Conference details


September 13th – 15th 2012, University College Cork

With 21 participants already confirmed from Britain, Canada, France, Germany, India, Ireland, Japan, Switzerland and the US, this conference is set to be a significant event in Buddhist and Southeast Asian studies. The conference programme is available here; a full set of abstracts is available here.

The recent discovery of the extraordinary life of ‘The Irish Buddhist’ U Dhammaloka (documented in a special issue of Contemporary Buddhism 11:2, December 2010 and here) has stimulated new avenues of research into numerous significant but neglected East-West and global Buddhist encounters.   This conference focuses on forgotten or under-represented Buddhist pioneers, their connections and collaborations, and the contribution of these individuals and networks to the construction of Buddhist modernities.

Casting South-East Asia as a ‘cross roads’ invites contributions on pioneer exchanges and connections not only between ‘the West’ and ‘Asia’ but also within Asia, from China, Korea and Japan through Southeast Asia to India and Ceylon. The period to be covered, broadly 1860-1960, is intended to include the earliest documented pioneer European [and e.g. Japanese] Buddhist practitioners of the colonial period whilst stopping short of the mass interest in Buddhism of the late 20th century. We are interested in any figures, groups or networks whose commitment to Asian Buddhist praxis in the colonial period contributed in some way to the emergence of modern global Buddhism and whose role was pioneering, rather than following a traditionally established path.  We are equally interested in networks of exchange and communication such as trade routes, monastic interrelationships, military ventures, cultural exchanges, missionary enterprises and imperialist and socialist (etc.) institutions and ideas which enabled Buddhists to interact in pioneering ways during this period.

Forgotten figures such as U Dhammaloka, despite their historical significance for these exchanges in colonial Asia, have long been obscured in conventional scholarly narratives which have presented a very small selection of ‘pioneer’ figures found respectable within today’s Western Buddhist lineages or canonised in Asian accounts. Recent discoveries overturning these entrenched narratives have been made possible in part by the new digitisation and indexing of colonial-era newspapers, travel books, directories, missionary reports and other obscure and disparate sources which can provide – often fragmentary – pointers to lost lives and events which may in the end be documented only through traditional archival research.  This conference aims to further this new and exciting field of research by bringing together scholars with a shared interest in global Buddhism and expertise in different periods and regions of Asia and the West.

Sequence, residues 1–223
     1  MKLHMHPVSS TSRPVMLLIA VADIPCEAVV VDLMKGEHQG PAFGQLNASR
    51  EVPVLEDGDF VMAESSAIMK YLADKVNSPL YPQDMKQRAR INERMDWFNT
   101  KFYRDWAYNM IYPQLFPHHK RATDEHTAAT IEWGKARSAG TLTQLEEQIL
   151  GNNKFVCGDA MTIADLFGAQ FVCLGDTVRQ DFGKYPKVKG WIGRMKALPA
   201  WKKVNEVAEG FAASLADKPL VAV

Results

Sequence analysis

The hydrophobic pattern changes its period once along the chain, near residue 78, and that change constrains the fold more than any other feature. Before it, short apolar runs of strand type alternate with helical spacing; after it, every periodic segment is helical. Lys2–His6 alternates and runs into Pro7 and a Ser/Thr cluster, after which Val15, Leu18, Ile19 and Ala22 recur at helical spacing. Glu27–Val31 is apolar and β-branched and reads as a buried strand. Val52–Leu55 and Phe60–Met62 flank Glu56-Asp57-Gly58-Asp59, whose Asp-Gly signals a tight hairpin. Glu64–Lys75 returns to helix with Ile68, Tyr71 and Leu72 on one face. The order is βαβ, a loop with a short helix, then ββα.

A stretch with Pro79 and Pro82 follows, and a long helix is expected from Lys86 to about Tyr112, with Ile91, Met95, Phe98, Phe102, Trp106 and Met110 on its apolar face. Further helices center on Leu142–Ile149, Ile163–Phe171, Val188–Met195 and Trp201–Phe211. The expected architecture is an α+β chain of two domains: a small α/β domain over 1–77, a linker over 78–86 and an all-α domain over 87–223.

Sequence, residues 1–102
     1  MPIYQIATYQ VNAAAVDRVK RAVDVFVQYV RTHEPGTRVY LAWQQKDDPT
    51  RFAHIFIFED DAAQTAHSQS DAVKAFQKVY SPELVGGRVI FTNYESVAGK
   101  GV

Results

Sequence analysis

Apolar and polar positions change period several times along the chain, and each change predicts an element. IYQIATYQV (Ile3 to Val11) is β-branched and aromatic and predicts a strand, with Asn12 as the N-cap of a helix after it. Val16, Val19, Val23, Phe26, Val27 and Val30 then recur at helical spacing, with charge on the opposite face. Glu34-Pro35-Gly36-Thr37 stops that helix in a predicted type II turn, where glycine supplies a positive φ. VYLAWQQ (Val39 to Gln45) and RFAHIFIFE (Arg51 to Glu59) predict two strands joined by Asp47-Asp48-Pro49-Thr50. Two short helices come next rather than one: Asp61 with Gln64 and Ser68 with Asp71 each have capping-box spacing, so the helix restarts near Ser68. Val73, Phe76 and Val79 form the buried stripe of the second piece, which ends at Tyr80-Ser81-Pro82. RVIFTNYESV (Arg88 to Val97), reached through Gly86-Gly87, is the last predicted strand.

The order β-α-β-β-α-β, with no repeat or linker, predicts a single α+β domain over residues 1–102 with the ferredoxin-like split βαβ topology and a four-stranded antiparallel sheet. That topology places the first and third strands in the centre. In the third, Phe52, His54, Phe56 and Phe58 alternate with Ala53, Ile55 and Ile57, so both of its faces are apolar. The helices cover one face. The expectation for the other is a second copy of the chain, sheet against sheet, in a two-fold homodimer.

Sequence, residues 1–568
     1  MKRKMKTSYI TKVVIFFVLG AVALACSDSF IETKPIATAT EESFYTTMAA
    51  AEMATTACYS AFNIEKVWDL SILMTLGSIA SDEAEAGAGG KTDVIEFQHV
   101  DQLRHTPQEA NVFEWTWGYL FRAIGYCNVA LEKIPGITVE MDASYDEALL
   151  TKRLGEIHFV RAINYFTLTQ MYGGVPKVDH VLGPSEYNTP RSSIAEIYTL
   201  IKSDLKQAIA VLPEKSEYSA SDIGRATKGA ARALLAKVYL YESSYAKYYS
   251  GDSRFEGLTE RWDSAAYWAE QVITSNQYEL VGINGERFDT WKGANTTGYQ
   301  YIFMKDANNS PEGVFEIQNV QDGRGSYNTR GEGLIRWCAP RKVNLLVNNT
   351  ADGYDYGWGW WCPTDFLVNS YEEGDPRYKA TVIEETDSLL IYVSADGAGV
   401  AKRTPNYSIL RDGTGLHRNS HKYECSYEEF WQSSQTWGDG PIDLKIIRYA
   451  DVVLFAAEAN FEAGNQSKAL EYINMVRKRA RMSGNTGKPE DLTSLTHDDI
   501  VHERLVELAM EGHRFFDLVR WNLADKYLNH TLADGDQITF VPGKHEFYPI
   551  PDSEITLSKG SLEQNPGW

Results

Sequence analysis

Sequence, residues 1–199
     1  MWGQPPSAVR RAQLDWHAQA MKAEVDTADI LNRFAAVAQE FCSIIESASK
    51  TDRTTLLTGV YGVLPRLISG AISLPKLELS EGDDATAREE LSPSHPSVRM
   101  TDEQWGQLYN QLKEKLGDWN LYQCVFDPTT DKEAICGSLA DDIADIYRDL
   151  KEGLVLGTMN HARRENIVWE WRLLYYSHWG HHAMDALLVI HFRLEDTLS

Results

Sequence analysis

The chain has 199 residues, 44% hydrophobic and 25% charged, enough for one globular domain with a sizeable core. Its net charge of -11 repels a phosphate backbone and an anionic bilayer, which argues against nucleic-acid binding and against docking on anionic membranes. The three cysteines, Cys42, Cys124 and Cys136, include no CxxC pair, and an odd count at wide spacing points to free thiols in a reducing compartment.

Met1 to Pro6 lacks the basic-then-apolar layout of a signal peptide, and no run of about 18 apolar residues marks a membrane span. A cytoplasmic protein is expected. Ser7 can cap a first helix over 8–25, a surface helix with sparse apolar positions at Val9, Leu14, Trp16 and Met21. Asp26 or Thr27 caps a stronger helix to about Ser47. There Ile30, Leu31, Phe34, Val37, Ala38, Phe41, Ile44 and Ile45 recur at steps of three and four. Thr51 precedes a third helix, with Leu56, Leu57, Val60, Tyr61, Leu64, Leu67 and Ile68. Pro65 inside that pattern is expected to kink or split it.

We intend to produce a journal special issue or edited volume based on papers presented at the conference.

The conference will take place from Thursday afternoon 13th September to Saturday morning 15th September 2012 and is hosted by the Study of Religions Department, University College Cork, Cork, Ireland. The conference is timed so as to be compatible with that of the European Association of Southeast Asian Archaeologists in Dublin. Practical information is available here and the programme is available here. The conference is co-organised by Prof Brian Bocking and Dr Phibul Choompolpaisal (UCC Study of Religions Department) with an advisory committee comprising Dr Laurence Cox (NUIM, Ireland), Prof Alicia Turner (York University, Toronto), Dr Andrew Skilton (KCL, London) and Dr Kate Crosby (SOAS, London), in association with the 12-month postdoctoral research fellowship project ‘Continuities and Transitions in Early Modern Thai Buddhism’ at UCC supported by the Dhammakaya International Society of the United Kingdom.  The Conference itself has a far wider remit than Thailand, and papers in all regions are warmly welcomed.

Enquiries should be emailed to Prof Brian Bocking in Cork, email:  b.bocking [at]   or to Dr Phibul Choompolpaisal in Thailand, email:  phibulart [at] For technical issues with the website, please contact laurence.cox [AT]